Myths and Realities

March 25 2014

A few lessons from political science:

1. Campaign contributions don’t buy congressional votes. Yes, there is a positive correlation between contributions and voting patterns, but think about it – if you’re directing the NRA’s Political Action Committee, are you more likely to donate to people you know support you already, or diehard supporters of gun control? Study after study shows that contributions don’t buy votes.

2. Spending millions of dollars on political campaigns is a good thing. Well, in some ways – costly campaigns deter some people from getting involved, but political advertising is not inherently evil. In fact, research shows that the more money is spent on campaigns, the more voters know about the candidates, issues, and the candidates’ position on issues. Believe it or not, advertisements can actually be informative, and voters actually show the ability to filter out incorrect or misleading information.

3. Citizens United, while it may have been a flawed decision, is not as big a deal as people make it out to be. The Supreme Court never actually said “corporations are people,” and corporations STILL CANNOT DONATE GENERAL TREASURY MONEY TO CANDIDATES OR PARTIES. All Citizens United did was make it so corporations can now engage in independent expenditures – that is, they can spend money on advertising in favor/against a candidate as long as they don’t coordinate with the candidates’ campaigns.

4. The two-party system is not the root of all evil. Third parties do not lose in American Politics because of the “tyranny” of the two major parties, but rather because of our winner-take-all electoral system (Duverger’s Law). Anyone who complains that Democrats and Republicans don’t offer “real choices” ignores the dramatic polarization that has occurred between the parties in the last 40 years. Moreover, complaining that the two-party system offers a “lack of choice” ignores the fact that anyone can run as a third party if they want to --- but a more effective strategy is to get involved in primaries and try to change the parties from within.

5. Presidents aren’t as important as we think they are. Yes, Presidents are important and influential – but they can’t work magic. This is a simple lesson that everyone gets in grade school, yet it seems to be forgotten when people think about politics – the President has to get the agreement of Congress to get anything done. Peoples’ list of “greatest” Presidents just so happened to be in office when their copartisans controlled the House and Senate (FDR, Lincoln, Washington, etc). Complaining that nothing gets done and then blaming it on the President for not “leading” is completely nonsensical and betrays a misunderstanding of how government works.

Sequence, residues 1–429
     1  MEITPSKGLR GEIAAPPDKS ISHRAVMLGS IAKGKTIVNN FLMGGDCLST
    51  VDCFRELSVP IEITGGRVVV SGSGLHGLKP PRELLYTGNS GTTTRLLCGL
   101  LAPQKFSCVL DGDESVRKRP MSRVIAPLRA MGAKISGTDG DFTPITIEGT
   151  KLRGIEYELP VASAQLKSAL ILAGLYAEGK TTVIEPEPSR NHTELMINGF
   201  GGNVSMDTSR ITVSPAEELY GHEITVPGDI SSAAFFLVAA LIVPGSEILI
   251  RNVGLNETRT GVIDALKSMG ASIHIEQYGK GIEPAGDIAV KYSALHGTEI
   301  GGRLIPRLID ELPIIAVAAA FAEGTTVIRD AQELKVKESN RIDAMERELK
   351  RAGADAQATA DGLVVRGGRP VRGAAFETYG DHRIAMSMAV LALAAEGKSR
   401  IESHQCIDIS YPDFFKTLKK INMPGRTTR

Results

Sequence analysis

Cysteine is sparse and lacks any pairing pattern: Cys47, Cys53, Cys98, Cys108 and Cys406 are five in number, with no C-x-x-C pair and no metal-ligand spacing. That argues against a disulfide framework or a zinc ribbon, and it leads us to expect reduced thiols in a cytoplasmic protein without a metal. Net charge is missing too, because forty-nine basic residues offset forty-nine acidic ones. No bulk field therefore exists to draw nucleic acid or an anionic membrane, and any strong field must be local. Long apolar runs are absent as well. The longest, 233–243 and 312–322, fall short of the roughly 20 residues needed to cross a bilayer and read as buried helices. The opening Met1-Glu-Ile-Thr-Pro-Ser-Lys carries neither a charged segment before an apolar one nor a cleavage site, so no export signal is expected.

6. Political “independents” are usually not very independent. Most people who identify as independent actually are closet partisans – they vote and act and think like Republicans or Democrats while refusing to identify as such. The importance (and estimated total) of independent voters in elections is overblown by observers and pundits.

7. Nate Silver is great, but political scientists have been accurately forecasting elections using statistical evidence at least since the 1970s.

8. Last but not least, political science is not an opinion-based discipline. Just because people have opinions about politics does not make the field opinion-based. Political scientists use all the tools of contemporary social science – use of quantitative and statistical evidence is actually the norm.


A political science PhD student fed up with reading people (inaccurately) talk about politics on the internet.

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